Though Universal Studios has one of the biggest blunders of 2012 to its name after losing $80 million on the horrid Battleship, they also stand as one of the year’s biggest winners among all major studios with hits across board from The Lorax to American Reunion to Safe House to Snow White and The Huntsman.
By far their largest and most surprising success though came with Seth MacFarlane’s crude R-rated comedy Ted, which will shortly cross $400-million worldwide on a budget of only $50 million. Additionally, with The Bourne Legacy still rolling out overseas to solid numbers, Universal has announced it has plans to craft follow-ups to both films.
The studio was fairly confident off the bat with their spin-off “Bourne” property starring Jeremy Renner in place of Matt Damon, with producer Frank Marshall reporting to Coming Soon:
“We’re gonna follow Jeremy’s character. Everything else is wide open. That’s the great thing about this now. The table is set to go any direction we want to. But we will, I’m sure, follow Jeremy and see what happens. Jeremy and Rachel [Weisz].”
Fans were decidedly split on The Bourne Legacy and eyes will be on the sequel to see if Jason Bourne will make a return and reward us with an awesome Damon/Renner team-up. Damon was rather vocal about not wanting to venture into another instalment without director Paul Greengrass at the helm and with replacement Tony Gilroy proving to do a solid job, things don’t look to change in that regard.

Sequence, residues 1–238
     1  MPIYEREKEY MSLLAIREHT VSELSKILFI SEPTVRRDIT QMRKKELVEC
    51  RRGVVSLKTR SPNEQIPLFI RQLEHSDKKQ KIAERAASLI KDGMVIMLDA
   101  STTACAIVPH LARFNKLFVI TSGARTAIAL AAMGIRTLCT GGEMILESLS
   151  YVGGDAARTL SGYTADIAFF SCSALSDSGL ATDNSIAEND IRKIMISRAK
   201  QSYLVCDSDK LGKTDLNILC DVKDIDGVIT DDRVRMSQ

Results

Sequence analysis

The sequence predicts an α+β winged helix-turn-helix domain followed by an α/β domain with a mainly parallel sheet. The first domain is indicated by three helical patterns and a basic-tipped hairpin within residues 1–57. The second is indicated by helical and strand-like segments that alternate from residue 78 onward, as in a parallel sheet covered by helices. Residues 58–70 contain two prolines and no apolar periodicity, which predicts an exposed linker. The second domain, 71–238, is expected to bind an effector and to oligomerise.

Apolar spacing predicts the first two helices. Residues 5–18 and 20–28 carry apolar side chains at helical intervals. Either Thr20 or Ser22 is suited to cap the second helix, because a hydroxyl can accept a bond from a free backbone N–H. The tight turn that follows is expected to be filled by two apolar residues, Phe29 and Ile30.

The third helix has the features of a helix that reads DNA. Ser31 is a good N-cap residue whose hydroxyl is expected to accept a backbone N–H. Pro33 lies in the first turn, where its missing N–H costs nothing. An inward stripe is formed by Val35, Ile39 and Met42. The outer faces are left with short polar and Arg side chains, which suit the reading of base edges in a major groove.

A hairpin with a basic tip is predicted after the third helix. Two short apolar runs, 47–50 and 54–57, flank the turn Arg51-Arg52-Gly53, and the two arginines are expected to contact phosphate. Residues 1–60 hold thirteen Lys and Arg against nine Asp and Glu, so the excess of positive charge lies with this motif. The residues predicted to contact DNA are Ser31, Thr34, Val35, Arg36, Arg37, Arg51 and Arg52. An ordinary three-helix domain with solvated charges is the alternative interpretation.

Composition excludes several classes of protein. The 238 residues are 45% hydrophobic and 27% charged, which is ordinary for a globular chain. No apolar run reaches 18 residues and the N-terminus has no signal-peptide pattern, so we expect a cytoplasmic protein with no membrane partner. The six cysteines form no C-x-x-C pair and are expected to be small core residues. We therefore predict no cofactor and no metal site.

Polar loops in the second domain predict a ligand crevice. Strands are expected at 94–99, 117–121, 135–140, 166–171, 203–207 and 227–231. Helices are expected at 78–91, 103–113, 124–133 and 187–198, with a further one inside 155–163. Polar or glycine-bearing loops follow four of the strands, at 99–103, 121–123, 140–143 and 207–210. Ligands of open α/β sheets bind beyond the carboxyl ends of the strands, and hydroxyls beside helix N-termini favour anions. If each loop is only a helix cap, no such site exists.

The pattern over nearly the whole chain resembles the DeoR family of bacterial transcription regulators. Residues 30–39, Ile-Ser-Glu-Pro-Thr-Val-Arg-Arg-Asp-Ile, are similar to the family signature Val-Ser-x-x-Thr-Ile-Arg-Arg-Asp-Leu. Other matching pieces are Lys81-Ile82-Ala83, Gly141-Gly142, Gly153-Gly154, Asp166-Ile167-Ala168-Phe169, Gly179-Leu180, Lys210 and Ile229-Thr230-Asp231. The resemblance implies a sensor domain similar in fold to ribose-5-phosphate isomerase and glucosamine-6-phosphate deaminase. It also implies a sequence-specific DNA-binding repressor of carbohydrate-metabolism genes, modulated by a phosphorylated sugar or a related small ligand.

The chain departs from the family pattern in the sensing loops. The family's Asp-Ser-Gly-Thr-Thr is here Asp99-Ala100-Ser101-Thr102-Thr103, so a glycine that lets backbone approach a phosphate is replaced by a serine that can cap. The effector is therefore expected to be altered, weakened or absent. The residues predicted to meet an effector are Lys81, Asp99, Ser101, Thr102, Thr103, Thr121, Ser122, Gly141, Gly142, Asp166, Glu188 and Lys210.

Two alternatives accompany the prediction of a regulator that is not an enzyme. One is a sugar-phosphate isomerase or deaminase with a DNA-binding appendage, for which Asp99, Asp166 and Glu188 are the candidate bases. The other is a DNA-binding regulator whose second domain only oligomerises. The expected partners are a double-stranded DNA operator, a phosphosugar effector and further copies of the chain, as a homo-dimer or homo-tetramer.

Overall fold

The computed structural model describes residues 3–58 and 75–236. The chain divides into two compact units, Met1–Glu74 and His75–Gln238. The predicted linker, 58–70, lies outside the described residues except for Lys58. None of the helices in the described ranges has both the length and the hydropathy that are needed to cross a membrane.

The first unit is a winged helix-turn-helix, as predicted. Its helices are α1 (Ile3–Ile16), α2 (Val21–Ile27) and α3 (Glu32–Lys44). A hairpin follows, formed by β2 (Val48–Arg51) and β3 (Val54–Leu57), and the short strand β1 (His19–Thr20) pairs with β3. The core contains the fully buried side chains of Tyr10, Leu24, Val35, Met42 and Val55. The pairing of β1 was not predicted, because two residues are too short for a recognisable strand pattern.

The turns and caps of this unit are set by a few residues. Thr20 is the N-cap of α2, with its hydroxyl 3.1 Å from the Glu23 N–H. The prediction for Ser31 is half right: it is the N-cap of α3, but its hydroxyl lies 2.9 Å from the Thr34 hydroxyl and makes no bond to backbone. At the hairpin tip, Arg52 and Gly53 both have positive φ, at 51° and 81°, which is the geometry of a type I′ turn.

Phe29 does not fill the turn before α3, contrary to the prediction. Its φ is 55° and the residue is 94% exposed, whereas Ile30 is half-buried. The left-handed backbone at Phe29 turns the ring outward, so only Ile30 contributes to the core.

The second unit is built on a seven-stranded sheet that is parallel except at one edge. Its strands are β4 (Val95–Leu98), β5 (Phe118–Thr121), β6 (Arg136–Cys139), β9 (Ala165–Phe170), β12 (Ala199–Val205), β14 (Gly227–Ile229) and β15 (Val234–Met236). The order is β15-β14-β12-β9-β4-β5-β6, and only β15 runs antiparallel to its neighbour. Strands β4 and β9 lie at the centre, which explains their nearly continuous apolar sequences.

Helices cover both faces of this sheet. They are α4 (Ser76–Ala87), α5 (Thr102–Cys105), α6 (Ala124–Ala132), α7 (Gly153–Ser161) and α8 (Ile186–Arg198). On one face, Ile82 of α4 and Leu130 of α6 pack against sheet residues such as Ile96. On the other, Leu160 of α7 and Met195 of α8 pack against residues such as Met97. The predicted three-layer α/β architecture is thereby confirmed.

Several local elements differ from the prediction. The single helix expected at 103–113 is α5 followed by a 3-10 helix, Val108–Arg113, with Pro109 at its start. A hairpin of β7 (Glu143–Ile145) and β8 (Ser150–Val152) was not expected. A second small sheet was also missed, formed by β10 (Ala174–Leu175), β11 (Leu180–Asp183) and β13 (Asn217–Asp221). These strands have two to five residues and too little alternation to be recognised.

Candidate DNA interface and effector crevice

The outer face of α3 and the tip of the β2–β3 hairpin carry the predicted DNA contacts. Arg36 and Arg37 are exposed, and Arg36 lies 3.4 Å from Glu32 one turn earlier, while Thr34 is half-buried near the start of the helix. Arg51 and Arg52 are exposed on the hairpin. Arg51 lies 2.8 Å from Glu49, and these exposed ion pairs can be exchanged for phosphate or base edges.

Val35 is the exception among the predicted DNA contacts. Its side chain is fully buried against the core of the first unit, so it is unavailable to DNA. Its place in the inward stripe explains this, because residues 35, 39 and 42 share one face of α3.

As for Ted 2, it would be an utter shock if Universal hadn’t announced either a follow-up or at the very least another MacFarlane original property. They’re clearly giddy over the success of Ted (and rightfully so) which promises to rake in even more cash on home video. NBC Universal CEO Steve Burke was fairly blunt in addressing the further adventures of a certain crude teddy bear simply saying “as soon as we can.”
Personally enjoying both of these films quite a bit, I’m not as jaded as usually regarding a quickly announced sequel. The Bourne films have been playing well as an extended tale since they began and Ted proved funny enough to warrant another go.
Frankly, if you can’t come up with another compelling story for a sentient stuffed animal (and Mark Wahlberg) to be a part of, then I say “for shame.”
Of course, we’ll be sure to keep you posted as these projects develop.